Plaintiff alleged that they were entitled to daily maintenance for the cost of food and lodging during the period of recovery after their injuries. Defendants acknowledged plaintiffs’ entitlement to maintenance, but argued that the maintenance rate awarded improperly considered the full amount of plaintiffs’ home mortgage costs, rather than prorating such costs between plaintiffs and their family members. The court held that, while maintenance was admittedly provided solely for the benefit of plaintiffs rather than their families, no proration was required to determine the proper maintenance rate. Plaintiffs actually paid, and were obligated to pay, the entire amounts of their mortgages, and such amounts represented plaintiffs’ actual costs of lodging. Such actual costs provided a proper basis for comparison with reasonable costs for single seamen in their localities. The maintenance awards to plaintiffs were thus reasonably calculated based on consideration of plaintiffs’ non-prorated lodging costs.
Order awarding maintenance was affirmed. Plaintiffs’ evidence of their actual food and lodging expenses properly included the full amount of plaintiffs’ mortgage expenses, since plaintiffs actually paid the entire amount. Thus the court’s consideration of such evidence in determining reasonable maintenance was proper.
SUMMARY JUDGMENT AGAINST WATER TAXI SERVICE GRANTED WHERE STATUTORY VIOLATION OF NAVIGATION LAW STATUTE
NANCY LEE SMITH, JOSHUA OSBORNE, JONATHAN OSBORNE, THOMASOSBORNE, KEVIN McGINN, ERIN McGINN, CONNOR McGINN, REBECCA McGINN, DAWN HACKETT,JOSEPH PECORARO, LINDA PECORARO and MICHAEL HUREWITZ, Plaintiffs, – against -JOSEPH MITLOF, et al., Defendants.
99 Civ. 10833 (WCC)
UNITED STATES DISTRICT COURT FOR THE SOUTHERN DISTRICT OFNEW YORK
2001 U.S. Dist. LEXIS 1874
February 16, 2001, Decided
Mitlof operated a charter and water taxi service on the Hudson River serving Tarrytown, Nyack and Pierpont, New York. On August 23, 1998, Mitlof’s pontoon boat Conservator left Nyack allegedly carrying twenty-seven passengers – though Mitlof claims there were only twenty-five – and two crewmen, including the boat’s master, Sheehan, and capsized north of the Tappan Zee Bridge. All persons on board were sent into the water, and one passenger was trapped and drowned.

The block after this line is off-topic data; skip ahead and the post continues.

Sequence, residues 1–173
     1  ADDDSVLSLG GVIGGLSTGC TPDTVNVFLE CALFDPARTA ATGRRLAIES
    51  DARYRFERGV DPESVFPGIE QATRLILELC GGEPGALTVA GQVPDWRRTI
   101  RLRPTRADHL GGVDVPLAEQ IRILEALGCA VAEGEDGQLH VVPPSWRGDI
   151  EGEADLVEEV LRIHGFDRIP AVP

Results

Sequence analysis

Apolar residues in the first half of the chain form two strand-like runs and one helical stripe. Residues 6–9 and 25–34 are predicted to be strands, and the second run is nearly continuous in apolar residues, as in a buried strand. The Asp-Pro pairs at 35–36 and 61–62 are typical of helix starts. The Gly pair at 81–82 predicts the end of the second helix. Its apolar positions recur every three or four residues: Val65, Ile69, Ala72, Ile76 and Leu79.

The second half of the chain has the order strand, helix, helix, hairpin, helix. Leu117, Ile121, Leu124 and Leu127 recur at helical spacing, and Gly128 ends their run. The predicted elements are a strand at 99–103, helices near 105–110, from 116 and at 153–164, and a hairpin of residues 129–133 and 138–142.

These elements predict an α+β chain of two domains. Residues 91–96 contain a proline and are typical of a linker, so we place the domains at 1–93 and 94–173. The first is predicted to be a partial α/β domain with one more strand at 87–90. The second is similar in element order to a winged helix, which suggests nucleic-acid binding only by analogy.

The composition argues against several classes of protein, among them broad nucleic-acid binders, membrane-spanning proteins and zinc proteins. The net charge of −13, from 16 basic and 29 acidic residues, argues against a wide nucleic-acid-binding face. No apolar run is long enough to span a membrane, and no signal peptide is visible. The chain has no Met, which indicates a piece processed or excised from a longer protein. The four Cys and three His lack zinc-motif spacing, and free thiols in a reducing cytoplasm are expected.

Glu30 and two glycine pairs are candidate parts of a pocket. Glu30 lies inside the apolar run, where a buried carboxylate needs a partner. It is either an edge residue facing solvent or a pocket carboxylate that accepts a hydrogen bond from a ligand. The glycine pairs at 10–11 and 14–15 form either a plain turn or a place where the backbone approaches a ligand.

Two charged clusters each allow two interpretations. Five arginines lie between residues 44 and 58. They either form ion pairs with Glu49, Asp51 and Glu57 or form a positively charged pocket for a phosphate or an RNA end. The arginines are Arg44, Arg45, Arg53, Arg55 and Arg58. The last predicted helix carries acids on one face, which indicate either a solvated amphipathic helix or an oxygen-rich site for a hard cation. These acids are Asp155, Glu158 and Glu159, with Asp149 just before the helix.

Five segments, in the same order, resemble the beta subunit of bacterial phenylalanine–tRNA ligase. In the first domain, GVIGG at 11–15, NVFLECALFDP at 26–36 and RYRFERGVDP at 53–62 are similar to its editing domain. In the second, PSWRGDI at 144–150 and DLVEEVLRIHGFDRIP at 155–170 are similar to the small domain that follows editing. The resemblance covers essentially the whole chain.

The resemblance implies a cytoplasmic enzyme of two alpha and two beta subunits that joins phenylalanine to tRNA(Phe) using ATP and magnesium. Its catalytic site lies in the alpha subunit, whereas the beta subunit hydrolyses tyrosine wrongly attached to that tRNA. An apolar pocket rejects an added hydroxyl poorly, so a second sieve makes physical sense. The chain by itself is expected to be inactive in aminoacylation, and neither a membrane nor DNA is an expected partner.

The Maritime Center at Norwalk (“Norwalk Maritime”), Conservator’s prior owner, [*4] had the boat certified by the United States Coast Guard (“USCG”) to operate out of Norwalk, Connecticut and carry a maximum of twenty-one persons. Mitlof purchased Conservator from Norwalk Maritime in June 1998. Plaintiffs allege that Mitlof failed to obtain a new USCG certificate of inspection (“COI”) after purchasing Conservator, and that he operated the boat without a valid COI, or, alternatively, that if there was a valid COI in effect, he violated its provisions. Mitlof claims that he received verbal assurance from the USCG that he would not need to have the vessel re-inspected and re-certified, but he never sought or secured this assurance in writing. The USCG investigated the accident, conducted a formal hearing on August 26 and 28, 1998, and issued two marine casualty reports. Mitlof and Sheehan invoked their Fifth Amendment privilege against self-incrimination and refused to testify at the hearing.